The two graphs look very similar. Again, the first serve loses its effect around the 9th shot in the rally, and the second serve confers no advantage on later shots in the point. The important difference to notice is the ratio between the peak winner rate and the base rate, which is now just above 10%. When we counted unforced errors, the ratio between peak and base rate was about 3:2. With unforced errors removed, the ratio is close to 2:1, suggesting that when the server hits a winner on his second shot, the serve and the winner contributed roughly equally to the outcome of the point. It seems more appropriate to skip opponent unforced errors when measuring the effect of the serve, and the resulting 2:1 ratio jibes better with my intuition.

Making a metric

Now for the fun part. To narrow our focus, let’s zero in on one particular question: What percentage of service points won can be attributed to the serve? To answer that question, I want to consider only the server’s own efforts. For unreturned serves and unforced errors, we might be tempted to give negative credit to the other player. But for today’s purposes, I want to divvy up the credit among the server’s assets–his serve and his other shots–like separating the contributions of a baseball team’s pitching from its defense.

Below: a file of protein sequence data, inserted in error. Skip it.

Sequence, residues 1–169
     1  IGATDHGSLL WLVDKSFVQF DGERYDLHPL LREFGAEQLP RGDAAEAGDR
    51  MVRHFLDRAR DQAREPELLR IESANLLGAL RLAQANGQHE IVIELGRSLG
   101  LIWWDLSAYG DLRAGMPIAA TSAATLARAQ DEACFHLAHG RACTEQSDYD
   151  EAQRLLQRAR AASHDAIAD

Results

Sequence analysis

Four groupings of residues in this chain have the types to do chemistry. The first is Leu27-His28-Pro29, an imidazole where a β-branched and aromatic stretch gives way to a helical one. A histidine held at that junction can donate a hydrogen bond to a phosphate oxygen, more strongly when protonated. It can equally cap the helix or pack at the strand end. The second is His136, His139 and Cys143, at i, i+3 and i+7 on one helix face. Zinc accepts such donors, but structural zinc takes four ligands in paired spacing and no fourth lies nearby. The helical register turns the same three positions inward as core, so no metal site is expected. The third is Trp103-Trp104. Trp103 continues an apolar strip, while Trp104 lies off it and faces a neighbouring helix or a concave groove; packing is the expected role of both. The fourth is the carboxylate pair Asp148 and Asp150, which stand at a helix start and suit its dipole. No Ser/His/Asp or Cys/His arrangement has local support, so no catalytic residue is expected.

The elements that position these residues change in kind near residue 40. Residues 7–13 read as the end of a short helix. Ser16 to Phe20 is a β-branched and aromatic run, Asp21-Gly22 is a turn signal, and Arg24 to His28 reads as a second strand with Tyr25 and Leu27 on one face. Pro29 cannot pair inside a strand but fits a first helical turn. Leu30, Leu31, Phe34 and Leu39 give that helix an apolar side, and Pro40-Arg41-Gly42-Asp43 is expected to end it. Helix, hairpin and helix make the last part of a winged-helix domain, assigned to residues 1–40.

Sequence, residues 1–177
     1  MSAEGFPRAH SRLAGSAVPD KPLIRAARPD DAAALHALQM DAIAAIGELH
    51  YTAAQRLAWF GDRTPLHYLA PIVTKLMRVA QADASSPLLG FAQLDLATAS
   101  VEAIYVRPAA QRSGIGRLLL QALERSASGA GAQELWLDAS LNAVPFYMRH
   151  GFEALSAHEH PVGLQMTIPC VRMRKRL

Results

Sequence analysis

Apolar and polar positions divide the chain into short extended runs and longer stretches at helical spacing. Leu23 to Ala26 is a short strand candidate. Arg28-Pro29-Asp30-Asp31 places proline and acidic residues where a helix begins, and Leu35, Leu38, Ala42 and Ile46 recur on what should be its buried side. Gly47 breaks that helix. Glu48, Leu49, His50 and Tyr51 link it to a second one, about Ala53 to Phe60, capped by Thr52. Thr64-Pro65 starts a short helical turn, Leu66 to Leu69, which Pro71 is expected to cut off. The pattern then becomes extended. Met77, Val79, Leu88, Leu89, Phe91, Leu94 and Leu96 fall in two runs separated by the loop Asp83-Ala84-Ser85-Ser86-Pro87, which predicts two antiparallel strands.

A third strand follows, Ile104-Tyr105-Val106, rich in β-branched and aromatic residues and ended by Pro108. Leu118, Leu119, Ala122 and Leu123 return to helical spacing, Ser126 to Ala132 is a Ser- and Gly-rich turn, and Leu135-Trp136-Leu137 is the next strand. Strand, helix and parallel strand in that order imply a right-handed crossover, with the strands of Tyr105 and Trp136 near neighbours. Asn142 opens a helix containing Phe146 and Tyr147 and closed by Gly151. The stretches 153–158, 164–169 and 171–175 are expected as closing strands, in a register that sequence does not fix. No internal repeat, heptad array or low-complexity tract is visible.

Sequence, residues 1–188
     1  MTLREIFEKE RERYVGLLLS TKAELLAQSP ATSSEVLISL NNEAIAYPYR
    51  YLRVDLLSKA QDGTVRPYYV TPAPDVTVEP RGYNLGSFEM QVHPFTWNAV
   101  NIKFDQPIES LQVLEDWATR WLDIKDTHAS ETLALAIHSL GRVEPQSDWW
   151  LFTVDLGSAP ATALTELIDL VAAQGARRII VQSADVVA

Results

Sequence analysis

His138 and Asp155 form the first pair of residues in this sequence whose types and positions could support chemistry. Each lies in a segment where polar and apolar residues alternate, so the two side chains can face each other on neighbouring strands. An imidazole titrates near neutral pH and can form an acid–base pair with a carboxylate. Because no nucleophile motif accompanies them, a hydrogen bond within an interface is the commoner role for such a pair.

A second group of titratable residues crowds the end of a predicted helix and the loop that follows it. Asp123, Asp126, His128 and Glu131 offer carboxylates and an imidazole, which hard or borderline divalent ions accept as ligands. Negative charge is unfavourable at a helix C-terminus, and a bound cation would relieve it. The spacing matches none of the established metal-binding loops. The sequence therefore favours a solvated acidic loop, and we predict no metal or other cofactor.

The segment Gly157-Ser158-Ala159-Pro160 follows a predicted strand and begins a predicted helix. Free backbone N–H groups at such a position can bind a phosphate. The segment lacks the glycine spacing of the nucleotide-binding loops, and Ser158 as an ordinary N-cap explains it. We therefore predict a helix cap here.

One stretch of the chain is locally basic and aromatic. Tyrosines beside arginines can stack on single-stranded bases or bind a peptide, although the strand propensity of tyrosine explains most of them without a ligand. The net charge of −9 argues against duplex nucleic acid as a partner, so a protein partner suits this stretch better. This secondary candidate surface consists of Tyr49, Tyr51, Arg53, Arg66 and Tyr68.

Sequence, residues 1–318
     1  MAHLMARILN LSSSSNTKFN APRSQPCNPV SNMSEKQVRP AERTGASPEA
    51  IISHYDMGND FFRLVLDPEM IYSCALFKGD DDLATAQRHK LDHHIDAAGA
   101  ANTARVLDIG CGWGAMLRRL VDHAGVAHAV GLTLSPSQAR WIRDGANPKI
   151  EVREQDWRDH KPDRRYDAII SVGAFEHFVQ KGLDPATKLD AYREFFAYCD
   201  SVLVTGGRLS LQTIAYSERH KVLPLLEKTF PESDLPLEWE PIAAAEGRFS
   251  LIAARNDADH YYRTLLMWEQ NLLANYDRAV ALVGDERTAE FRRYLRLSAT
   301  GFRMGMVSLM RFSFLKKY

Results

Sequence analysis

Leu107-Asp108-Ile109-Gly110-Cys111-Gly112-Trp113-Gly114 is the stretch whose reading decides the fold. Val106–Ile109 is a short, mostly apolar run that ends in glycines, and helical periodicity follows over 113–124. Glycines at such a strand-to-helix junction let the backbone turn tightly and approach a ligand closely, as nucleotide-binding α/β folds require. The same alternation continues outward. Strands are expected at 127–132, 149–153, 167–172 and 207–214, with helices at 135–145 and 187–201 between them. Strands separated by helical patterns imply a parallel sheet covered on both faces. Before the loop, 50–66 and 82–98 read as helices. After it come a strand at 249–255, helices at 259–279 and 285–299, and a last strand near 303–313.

For unreturned serves, that’s easy. 100% of the credit belongs to the serve.

For second serve points in which the return was put in play, 0% of the credit goes to the serve. As we’ve seen, for the average player, once the return comes back, the server no longer has an advantage.

For first-serve points in which the return was put in play and the server won by his fourth shot, the serve gets some credit, but not all, and the amount of credit depends on how quickly the point ended. The following table shows the exact rates at which players hit winners on each shot, in the “Winner %” column:

Server's…  Winner %  W%/Base  Shot credit  Serve credit  
2nd shot      21.2%     1.96        51.0%         49.0%  
3rd shot      18.1%     1.68        59.6%         40.4%  
4th shot      13.3%     1.23        81.0%         19.0%  
5th+          10.8%     1.00       100.0%          0.0%

Compared to a base rate of 10.8% winners per shot opportunity, we can calculate the approximate value of the serve in points that end on the server’s 2nd, 3rd, and 4th shots. The resulting numbers come out close to round figures, so because these are hardly laws of nature (and the sample of charted matches has its biases), we’ll go with round numbers. We’ll give the serve 50% of the credit when the server needed only two shots, 40% when he needed three shots, and 20% when he needed four shots. After that, the advantage conferred by the serve is usually canceled out, so in longer rallies, the serve gets 0% of the credit.

Tour averages

Finally, we can begin the answer the question, What percentage of service points won can be attributed to the serve? This, I believe, is a good proxy for the slipperier query I started with, How important is the serve?